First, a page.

hwhy ynOdSa rAmDa_hO;k Xr&DaDh MAo_lRa D;trAmDaw Ezek. 12:19

wl$Ekay hDgDadI;b MDmVjAl l$EarVcy tAmdAa_lRa MAlDvwry yEbVvwyVl

;h$DalV;mIm ;hDxrAa MAvE;t NAo%AmVl w;tVvy NwmD;mIvV;b MRhyEmy`Emw

:;h`D;b MyIbVvOyAh_l`D;k sAmSjEm

hDmDmVv XrDaDhw hnVb$rTjR;t twbDvwnAh MyrDoRhw Ezek. 12:20

p :h`Dwhy yInSa_y`I;k MR;tVody`Iw hRyVh`It

:rOmaEl yAlEa hDwhy_rAbd yIhyw Ezek. 12:21

tAmdAa_lAo M$RkDl hzAh lDvD;mAh_h`Dm M#dDa_NR;b Ezek. 12:22

:NwzDj_lD;k dAbDaw My$ImΥyAh ЊwkrAa`Ay rOmaEl lEarVcy

~hwhy yDnOdSa rAmDa_hO;k M#RhyElSa rOmTa NEkDl Ezek. 12:23

lEarVcyV;b dwo wtOa wlVvVmy_alw hYzAh lDvD;mAh_tRa yI;tA;bVvIh

:NwzDj_lD;k rAbdw My$ImΥyAh Њwbrq M$RhyElSa rE;b;d_MIa yI;k

qDlDj MAsVqImw awDv NwzSj_lD;k dwo hRyVh`Iy al yI;k Ezek. 12:24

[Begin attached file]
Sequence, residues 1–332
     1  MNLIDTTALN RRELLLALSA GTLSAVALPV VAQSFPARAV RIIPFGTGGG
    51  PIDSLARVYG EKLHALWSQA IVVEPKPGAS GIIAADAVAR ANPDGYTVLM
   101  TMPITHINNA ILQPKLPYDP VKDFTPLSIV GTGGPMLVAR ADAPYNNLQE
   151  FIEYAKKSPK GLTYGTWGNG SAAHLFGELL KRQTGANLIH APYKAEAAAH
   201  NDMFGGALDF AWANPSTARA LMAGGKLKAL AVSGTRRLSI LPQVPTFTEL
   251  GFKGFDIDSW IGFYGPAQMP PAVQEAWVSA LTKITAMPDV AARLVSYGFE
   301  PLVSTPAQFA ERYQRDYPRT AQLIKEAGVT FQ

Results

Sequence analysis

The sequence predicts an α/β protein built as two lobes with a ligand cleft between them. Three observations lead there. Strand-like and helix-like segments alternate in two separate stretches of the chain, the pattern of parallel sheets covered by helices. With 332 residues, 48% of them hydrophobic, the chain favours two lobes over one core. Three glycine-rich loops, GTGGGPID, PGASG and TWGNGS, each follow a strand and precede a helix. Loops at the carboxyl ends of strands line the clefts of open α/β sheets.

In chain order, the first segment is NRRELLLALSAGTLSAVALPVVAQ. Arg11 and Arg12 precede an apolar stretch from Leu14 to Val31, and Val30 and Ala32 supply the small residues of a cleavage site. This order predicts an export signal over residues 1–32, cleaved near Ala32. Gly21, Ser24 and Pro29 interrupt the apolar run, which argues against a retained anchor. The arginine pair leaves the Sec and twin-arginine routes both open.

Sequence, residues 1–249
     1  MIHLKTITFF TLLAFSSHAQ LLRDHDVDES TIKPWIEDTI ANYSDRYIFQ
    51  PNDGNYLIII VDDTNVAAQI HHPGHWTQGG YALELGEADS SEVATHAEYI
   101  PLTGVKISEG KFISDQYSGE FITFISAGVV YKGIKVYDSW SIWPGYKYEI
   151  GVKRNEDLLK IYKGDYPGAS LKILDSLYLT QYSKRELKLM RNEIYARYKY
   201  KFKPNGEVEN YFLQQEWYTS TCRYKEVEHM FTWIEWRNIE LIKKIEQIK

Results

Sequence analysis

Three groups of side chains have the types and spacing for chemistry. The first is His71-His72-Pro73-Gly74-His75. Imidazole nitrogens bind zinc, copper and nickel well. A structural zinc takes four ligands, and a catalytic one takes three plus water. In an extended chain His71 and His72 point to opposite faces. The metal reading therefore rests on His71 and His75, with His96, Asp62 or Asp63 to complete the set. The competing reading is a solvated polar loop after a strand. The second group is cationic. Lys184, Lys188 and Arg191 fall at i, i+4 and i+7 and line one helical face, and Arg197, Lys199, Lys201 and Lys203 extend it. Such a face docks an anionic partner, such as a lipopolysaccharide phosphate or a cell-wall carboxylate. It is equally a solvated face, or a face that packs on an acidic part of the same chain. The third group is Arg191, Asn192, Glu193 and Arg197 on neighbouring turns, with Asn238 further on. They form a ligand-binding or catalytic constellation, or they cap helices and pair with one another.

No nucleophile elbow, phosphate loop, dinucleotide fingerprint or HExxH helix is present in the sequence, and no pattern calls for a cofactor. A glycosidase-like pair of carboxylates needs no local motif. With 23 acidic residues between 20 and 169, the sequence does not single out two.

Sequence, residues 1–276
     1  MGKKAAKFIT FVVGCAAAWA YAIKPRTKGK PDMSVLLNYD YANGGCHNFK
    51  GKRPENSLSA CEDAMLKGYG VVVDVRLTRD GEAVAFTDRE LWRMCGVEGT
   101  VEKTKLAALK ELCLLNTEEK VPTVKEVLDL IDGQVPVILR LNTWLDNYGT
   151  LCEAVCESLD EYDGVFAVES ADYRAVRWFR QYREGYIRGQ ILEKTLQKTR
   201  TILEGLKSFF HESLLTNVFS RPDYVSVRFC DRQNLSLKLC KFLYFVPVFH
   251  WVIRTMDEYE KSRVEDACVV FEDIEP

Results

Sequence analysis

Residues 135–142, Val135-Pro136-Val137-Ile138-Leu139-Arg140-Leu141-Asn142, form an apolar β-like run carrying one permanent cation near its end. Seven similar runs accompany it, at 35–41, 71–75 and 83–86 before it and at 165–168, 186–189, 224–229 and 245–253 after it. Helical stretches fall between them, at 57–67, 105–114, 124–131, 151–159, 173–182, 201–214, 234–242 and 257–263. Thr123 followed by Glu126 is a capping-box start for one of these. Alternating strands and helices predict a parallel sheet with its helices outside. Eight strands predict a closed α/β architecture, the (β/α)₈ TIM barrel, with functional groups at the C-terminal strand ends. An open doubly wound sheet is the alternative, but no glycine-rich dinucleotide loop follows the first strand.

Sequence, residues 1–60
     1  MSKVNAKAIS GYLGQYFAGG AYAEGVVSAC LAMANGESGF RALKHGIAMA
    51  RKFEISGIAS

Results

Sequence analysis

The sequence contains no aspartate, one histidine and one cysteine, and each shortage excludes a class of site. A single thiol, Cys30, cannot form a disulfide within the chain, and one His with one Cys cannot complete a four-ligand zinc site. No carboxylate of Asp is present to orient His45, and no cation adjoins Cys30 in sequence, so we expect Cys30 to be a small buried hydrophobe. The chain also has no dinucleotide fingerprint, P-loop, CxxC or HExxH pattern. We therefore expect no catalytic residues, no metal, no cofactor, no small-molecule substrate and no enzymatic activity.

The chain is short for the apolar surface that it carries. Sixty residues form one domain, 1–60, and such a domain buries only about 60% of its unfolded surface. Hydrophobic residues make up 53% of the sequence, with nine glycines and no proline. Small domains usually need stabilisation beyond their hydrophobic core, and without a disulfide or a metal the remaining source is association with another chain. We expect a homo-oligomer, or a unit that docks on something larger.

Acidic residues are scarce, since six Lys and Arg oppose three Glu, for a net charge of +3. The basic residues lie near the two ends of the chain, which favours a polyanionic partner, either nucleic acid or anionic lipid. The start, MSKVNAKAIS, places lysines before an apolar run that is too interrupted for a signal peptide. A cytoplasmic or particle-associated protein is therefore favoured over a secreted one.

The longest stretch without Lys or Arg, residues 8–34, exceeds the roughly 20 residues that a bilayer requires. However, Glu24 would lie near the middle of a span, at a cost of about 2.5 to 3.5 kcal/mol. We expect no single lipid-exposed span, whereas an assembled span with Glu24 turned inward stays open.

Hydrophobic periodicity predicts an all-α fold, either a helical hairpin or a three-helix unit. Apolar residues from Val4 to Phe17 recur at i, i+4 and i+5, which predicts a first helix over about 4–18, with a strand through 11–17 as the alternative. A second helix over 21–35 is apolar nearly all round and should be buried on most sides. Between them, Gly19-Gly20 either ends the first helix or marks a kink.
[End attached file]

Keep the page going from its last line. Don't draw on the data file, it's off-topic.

:l`EarVcy tyE;b JKwtV;b

rDb;d rE;bdSa rRvSa tEa rE;bdSa hGwhy yInSa yI;k Ezek. 12:25

rE;bdSa yr#R;mAh tyE;b MRkyEmy`Ib yI;k dwo JKEvD;mIt al h$RcDoEyw

p :h`Iwhy yDnOdSa MUan wy$ItyIcSow rDb;d

:rOmaEl yAlEa hDwhy_rAbd yIhyw Ezek. 12:26

NwzDjRh My$rVmOa  lEarVcy_ty`Eb hEnIh M#dDa_NR;b Ezek. 12:27

:a`D;bn awh twqwjr MyI;tIoVlw MyI;br MyImyVl hRzOj awh_rRvSa

hYwhy yDnOdSa rAmDa hO;k M#RhyElSa rOmTa NEkDl Ezek. 12:28

MUan h$RcDoEyw rDb;d rE;bdSa rRvSa yrDb;d_lD;k dwo JKEvD;mIt_al

s :h`Iwhy yDnOdSa

:rOmaEl yAlEa hDwhy_rAbd yIhyw Ezek. 13:1

MyIaD;bnAh lEarVcy yEayIbn_lRa aEbΊnIh MdDa_NR;b Ezek. 13:2

:h`Dwhy_rAb;d woVmIv M$D;bI;lIm yEayIbnIl D;trAm`Daw

MyIlDb׊nAh MyIayIb׊nAh_lAo ywh hYwhy yDnOdSa rAmDa hO;k Ezek. 13:3

:war yI;tVlIbVlw MDjwr rAjAa MyIkVlOh rRvSa

:wyDh lEarVcy KyRayIbn twbrFjD;b MyIlDoUvV;k Ezek. 13:4